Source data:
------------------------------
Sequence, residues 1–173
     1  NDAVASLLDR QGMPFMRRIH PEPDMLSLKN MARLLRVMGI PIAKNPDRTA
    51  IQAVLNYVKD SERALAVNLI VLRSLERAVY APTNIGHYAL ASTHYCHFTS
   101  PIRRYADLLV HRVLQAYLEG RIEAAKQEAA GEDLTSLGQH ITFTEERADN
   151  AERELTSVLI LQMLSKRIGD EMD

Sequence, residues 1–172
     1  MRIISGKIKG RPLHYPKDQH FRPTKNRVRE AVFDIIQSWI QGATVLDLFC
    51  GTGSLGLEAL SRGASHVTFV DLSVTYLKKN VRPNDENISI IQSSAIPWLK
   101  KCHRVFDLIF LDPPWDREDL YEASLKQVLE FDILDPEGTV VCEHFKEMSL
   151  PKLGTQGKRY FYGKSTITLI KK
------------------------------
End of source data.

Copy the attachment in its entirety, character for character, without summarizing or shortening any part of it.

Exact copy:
Sequence, residues 1–173
     1  NDAVASLLDR QGMPFMRRIH PEPDMLSLKN MARLLRVMGI PIAKNPDRTA
    51  IQAVLNYVKD SERALAVNLI VLRSLERAVY APTNIGHYAL ASTHYCHFTS
   101  PIRRYADLLV HRVLQAYLEG RIEAAKQEAA GEDLTSLGQH ITFTEERADN
   151  AERELTSVLI LQMLSKRIGD EMD

Sequence, residues 1–172
     1  MRIISGKIKG RPLHYPKDQH FRPTKNRVRE AVFDIIQSWI QGATVLDLFC
    51  GTGSLGLEAL SRGASHVTFV DLSVTYLKKN VRPNDENISI IQSSAIPWLK
   101  KCHRVFDLIF LDPPWDREDL YEASLKQVLE FDILDPEGTV VCEHFKEMSL
   151  PKLGTQGKRY FYGKSTITLI KK